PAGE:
Before the first bell of his rematch with Liam Smith, everything was on the line for Chris Eubank Jr. By the end of the fight that had all changed.
He was “cornered”, as he himself told Sky Sports earlier, with the future of his boxing career hanging in the balance going into the contest.
After bludgeoning Smith out of the bout after 10 ferocious rounds at the AO Arena in Manchester on Saturday night, all of a sudden Eubank was back at the top level, in a position where he could force his way into the mix with some of the biggest names in the sport.
Speaking to Sky Sports after his victory, he wasn’t picking out any one target for his next opponent.
“There’s no real ideal fight,” he told Sky Sports. “There’s so many great names out there.
“I would love to fight Golovkin and I would like to fight for a world title.
“But there’s great domestic names out there too.”
His promoter Kalle Sauerland acknowledged Eubank had a wealth of possibilities ahead of him.
“Everything’s possible,” he told Sky Sports. “We want to make the big fights and that’s what we’re going to be doing Monday. But right now we’re going to celebrate till the sun comes up.”
It was the most significant moment of Eubank’s career – defeating, in an immediate rematch, the first man to knock him out.
Having brought in Brian ‘BoMac’ McIntyre and a new training team just weeks out from this fight, it was an extraordinary vindication.
“He stayed focused,” Sauerland said. “He knew what he had to do.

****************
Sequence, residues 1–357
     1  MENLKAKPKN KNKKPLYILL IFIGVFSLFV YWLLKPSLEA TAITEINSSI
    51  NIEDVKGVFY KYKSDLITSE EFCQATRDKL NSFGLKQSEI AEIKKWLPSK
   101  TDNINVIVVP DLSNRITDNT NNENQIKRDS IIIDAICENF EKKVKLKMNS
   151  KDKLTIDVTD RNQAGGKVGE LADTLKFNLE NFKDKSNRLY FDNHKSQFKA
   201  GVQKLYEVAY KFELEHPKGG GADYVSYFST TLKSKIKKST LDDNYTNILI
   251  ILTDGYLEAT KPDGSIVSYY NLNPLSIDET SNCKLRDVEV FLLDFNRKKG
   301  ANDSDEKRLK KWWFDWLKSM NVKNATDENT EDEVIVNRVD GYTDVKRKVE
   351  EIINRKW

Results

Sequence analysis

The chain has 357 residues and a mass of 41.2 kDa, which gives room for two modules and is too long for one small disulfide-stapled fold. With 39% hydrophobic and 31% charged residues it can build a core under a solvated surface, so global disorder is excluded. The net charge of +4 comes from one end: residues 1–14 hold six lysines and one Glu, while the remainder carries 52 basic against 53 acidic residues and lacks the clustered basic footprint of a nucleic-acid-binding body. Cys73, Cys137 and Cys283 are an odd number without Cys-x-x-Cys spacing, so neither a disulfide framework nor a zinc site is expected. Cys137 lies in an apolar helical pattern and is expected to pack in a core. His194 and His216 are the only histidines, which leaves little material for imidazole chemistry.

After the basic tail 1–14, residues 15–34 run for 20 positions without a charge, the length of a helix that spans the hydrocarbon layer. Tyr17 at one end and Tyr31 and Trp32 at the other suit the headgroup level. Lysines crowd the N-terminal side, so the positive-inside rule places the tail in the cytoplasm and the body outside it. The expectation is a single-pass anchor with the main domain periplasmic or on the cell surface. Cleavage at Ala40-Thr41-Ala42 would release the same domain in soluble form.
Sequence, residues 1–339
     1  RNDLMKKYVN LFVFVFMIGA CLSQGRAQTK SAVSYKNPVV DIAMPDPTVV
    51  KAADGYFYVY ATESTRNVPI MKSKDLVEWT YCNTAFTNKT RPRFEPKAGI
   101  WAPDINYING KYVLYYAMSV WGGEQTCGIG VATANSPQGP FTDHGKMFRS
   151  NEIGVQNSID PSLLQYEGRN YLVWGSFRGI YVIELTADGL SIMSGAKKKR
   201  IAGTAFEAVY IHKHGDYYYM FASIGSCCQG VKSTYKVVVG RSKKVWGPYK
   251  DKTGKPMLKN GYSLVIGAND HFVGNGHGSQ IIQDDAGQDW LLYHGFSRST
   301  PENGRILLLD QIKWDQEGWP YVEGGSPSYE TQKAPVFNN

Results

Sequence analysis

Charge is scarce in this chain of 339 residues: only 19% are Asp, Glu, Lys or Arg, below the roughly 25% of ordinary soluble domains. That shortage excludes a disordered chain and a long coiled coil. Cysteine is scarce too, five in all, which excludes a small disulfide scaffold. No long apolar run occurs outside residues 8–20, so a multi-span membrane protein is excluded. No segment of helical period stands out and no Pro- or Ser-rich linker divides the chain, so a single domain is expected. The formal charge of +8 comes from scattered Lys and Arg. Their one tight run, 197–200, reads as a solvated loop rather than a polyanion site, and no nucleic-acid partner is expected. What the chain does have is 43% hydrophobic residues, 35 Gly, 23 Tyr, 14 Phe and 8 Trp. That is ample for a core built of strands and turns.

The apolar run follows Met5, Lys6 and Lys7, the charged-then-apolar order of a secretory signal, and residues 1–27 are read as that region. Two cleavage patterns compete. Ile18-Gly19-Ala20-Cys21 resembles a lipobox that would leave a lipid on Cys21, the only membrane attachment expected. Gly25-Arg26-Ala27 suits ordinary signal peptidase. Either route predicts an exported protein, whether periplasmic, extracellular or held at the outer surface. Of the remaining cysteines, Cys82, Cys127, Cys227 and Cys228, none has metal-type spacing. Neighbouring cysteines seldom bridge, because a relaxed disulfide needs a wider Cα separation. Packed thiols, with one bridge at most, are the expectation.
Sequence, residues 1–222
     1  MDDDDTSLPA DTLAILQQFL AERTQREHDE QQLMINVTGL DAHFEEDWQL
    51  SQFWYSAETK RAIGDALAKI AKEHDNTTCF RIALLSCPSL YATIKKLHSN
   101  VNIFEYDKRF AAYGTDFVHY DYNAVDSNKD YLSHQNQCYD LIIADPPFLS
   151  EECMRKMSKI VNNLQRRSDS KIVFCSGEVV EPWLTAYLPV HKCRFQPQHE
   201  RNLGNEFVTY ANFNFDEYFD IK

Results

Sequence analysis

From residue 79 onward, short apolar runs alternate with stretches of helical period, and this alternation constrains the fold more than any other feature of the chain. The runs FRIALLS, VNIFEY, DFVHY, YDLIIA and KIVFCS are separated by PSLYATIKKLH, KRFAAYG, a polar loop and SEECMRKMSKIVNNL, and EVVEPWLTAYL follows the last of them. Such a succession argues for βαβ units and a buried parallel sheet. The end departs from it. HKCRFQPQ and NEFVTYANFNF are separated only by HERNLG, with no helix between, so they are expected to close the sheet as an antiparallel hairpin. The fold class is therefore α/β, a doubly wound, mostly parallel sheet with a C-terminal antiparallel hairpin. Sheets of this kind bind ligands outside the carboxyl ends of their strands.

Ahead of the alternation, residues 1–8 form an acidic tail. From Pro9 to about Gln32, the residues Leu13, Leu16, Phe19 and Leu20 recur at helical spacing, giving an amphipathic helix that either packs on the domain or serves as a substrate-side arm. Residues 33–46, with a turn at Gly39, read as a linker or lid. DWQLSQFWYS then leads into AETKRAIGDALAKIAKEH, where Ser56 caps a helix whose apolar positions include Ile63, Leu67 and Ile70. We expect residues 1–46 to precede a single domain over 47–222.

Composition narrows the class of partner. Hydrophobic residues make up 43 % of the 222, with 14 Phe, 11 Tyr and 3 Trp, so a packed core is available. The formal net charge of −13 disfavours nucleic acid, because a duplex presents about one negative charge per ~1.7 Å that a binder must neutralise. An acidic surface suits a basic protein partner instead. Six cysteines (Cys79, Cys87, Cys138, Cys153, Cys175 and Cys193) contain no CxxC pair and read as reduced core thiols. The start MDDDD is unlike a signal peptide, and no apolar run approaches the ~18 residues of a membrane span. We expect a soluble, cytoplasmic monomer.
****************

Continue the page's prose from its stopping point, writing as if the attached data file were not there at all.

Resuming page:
“The biggest credit goes to Junior. He licked his wounds, he went off to a gruelling camp with many setbacks.”
But he also highlighted the nature of the performance. “I have so much respect for the Smith family,” Sauerland said. “Tonight was a bit of everything. It was like BoMac had managed to orchestrate the dots, connect them with lines. Fantastic, really amazing.
“It was the way BoMac organised everything. It was like everything came together at once.”
McIntyre himself was self-effacing after the contest was done.
“It’s not about me, it’s about the fighter,” he told Sky Sports. “I’m happy for him, his family, his team.
“Chris is a fighter. He knows what to do. You’ve just got to remind fighters like that of the things to do and what not to do.
“He followed the game plan to a tee, to stay off the ropes, to work behind the jab, combinations going to the body and it worked. He just did the things that he usually does.
“That uppercut we did work on, that jab. So it was great. I loved it.”
Few observers though, outside Eubank’s circle, had been tipping him to upset Smith.
“They doubted him and they doubted the will, they doubted my knowledge,” McIntyre said.
“He wanted the pressure. He liked the pressure. So he didn’t mind at all.
“He wanted to shut the doubters up so he did what he was supposed to do.”
McIntyre, renowned as the trainer of pound-for-pound star Terence Crawford, but who also will now be feted for salvaging Eubank’s career, believes the Brighton man has merited a place at the summit of the middleweight division.
“He should be the top three or four right now at 160lbs,” McIntyre said. “I’d like to see him get a title shot. He proved himself at 160lbs.
“He did a great job.”